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The DS version of Brain Training had these issues too, but for some reason it feels far more egregious on the Switch. Maybe it’s the new fat Switch stylus versus the more precise and pointy DS one. Maybe it’s some change in how the software translates strokes, or the ways certain activities are designed. Maybe it’s all exactly the same and just a factor of my growing impatience as I get older and grumpier. I’m pretty sure I don’t have terrible handwriting–my letters are usually bold and clear, maybe even a little cartoony, and the game can detect what I’m writing 98% of the time. But if I find myself getting caught in that 2% trying to get it to recognise a “5” or a “Y,” I’ll be screaming, because my results, progress, and my self-esteem are on the line.

Here’s an example: There’s an exam in Dr. Kawashima’s Brain Training for Switch where you get two minutes to memorise the placement of 25 numbers on a 5×5 grid, and then two minutes to recall them. The catch is, you only get one guess for each square, so if you guess wrong, you lose that opportunity for a point. The last time I took this test, the game had real trouble interpreting how I wrote the numbers “5” and “9,” so as soon as I would finish writing something like “25,” I could see that the game interpreted it as 18 for whatever weird reason, and I wouldn’t have a chance to hit the erase button in the split second before it buzzed and basically told me, “No, that’s wrong. The number that’s supposed to go here is 25.”

There’s a similar, slightly more gracious exam with the same kind of memory test, but you’re trying to remember and write down all the four-letter words the game showed on a previous screen. You don’t get locked out at all here, but when the game keeps misinterpreting the letter you’re trying to write for another one? Well, your mind gets preoccupied with constantly erasing and rewriting the letter in the hopes that it will catch, and your focus is pulled away from all those words you were trying to juggle in your head. It can be infuriating.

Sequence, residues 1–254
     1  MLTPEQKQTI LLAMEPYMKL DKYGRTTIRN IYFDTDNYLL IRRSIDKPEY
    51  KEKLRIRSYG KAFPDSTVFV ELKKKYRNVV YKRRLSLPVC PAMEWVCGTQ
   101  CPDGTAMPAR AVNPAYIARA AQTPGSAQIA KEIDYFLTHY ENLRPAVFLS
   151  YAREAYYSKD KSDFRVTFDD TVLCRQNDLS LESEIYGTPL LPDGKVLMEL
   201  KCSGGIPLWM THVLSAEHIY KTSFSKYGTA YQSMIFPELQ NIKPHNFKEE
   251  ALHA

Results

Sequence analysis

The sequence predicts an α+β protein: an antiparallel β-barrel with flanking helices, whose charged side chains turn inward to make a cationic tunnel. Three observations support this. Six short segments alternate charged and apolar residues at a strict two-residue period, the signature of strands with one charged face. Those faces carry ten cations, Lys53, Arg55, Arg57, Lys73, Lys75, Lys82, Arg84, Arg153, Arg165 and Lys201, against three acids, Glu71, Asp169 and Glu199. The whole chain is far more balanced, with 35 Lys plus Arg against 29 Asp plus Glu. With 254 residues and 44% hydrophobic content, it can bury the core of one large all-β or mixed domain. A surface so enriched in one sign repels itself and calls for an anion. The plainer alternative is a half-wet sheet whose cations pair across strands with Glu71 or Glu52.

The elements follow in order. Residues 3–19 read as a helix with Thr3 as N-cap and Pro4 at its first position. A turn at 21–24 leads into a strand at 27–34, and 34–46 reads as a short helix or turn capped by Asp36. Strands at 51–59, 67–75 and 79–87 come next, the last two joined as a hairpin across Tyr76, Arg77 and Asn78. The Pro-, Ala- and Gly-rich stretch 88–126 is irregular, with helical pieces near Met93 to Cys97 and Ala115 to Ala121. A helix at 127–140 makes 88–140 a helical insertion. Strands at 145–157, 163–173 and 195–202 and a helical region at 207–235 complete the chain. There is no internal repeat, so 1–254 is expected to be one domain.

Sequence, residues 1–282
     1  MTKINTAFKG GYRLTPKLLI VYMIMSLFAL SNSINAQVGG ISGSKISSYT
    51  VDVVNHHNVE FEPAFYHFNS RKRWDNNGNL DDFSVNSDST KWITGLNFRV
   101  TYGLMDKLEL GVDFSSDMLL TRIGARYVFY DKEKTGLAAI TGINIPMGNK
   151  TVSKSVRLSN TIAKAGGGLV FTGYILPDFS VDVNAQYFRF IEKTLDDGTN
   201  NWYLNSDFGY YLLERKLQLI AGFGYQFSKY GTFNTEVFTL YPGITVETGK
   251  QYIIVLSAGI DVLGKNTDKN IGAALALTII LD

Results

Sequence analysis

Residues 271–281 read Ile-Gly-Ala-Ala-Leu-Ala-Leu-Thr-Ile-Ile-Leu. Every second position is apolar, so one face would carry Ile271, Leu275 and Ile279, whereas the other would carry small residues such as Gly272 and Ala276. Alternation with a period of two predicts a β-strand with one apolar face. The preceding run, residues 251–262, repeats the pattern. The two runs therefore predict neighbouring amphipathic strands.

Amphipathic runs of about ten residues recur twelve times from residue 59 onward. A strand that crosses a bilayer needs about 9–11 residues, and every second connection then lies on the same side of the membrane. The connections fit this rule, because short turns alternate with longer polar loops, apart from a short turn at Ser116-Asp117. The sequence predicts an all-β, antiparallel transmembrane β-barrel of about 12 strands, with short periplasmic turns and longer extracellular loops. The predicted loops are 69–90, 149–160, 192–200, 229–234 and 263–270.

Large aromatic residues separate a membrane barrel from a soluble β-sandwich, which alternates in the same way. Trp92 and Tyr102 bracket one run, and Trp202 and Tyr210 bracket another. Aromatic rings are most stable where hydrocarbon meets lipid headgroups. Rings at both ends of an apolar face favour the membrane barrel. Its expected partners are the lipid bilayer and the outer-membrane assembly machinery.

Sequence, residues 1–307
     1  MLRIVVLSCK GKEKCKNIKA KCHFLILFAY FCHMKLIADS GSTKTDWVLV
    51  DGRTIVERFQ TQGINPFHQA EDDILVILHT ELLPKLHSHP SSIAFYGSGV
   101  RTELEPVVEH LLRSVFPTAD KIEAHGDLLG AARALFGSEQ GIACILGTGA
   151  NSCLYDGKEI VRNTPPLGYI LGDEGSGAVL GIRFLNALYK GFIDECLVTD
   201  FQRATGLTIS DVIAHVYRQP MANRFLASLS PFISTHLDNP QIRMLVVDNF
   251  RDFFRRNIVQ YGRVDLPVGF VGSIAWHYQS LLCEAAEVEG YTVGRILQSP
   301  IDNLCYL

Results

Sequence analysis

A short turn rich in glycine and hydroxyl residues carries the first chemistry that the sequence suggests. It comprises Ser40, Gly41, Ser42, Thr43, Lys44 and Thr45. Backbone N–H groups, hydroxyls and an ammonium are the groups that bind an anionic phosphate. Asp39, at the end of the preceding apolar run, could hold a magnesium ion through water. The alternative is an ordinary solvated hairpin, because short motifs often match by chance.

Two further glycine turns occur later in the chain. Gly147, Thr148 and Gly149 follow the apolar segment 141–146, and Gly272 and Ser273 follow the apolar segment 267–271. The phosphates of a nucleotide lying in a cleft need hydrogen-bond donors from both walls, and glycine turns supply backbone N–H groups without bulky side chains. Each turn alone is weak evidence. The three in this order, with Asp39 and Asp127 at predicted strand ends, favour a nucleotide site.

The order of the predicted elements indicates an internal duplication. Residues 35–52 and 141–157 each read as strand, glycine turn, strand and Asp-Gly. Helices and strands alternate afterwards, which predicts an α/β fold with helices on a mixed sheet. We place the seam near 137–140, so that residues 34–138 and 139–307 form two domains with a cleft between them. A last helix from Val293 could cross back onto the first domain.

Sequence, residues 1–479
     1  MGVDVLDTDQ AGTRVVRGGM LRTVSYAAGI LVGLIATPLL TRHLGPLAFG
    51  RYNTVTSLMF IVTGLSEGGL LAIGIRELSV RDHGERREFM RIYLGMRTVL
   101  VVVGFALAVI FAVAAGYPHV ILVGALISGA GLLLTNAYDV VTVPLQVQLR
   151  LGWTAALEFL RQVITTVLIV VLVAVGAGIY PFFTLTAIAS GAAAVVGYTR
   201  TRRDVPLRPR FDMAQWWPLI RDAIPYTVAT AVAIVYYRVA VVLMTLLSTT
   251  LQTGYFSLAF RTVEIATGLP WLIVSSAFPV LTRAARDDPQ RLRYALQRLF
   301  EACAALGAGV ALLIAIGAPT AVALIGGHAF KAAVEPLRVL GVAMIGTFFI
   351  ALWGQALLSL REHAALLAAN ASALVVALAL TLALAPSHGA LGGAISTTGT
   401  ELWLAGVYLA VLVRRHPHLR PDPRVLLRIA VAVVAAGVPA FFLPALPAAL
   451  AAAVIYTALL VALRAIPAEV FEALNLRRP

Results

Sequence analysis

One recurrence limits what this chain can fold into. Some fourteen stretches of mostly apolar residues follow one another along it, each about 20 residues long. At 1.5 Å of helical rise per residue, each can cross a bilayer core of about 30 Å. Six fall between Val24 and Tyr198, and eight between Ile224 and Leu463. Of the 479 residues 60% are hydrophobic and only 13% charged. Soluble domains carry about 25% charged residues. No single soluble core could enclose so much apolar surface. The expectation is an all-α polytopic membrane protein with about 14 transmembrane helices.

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The daily exercises that game has you do to prepare for these exams are mostly free from these issues. I can multitask and make an avatar jump hurdles while picking out the highest number in a lineup, no problem. I can mimic hand shapes and do finger calculations (which are tracked with the right Joy-Con’s IR sensor, a pretty neat feature) faster than you can blink. I can sight-read music and play it on the touchscreen piano perfectly (because I’ve had years of training, but nevermind that). And when I perform all these tasks, I get that satisfying brain-squeezing sensation that makes me feel like I’m working my mind and getting smarter probably.

But when it comes to calculating your Brain Age, the game throws a whole different set of activities at you, most of which are specific to the examination mode and largely involve writing letters and numbers. That’s when things get disastrous and Kawashima thinks I have rocks in my head. That’s when he starts trolling me and telling me how disappointed he is. Brain Training’s handwriting detection is not perfect. And it needs to be perfect if I want to feel like my mistakes are on me.

I have fond memories of the original Brain Training for Nintendo DS, and after how taken I was with Ring Fit Adventure, I was eager to hop back on Nintendo’s weird lifestyle software train and ride it anywhere it would go. But Brain Training for Switch is pushing me away. Hopefully, now that we’re in the age of software updates and user telemetry, the writing detection is something that Nintendo can improve over time. And maybe Tipp and whatever the sentient Ring from Ring Fit Adventure is called can give Dr. Kawashima a few pointers on how to talk to players, too.

Sudoku is still pretty good though.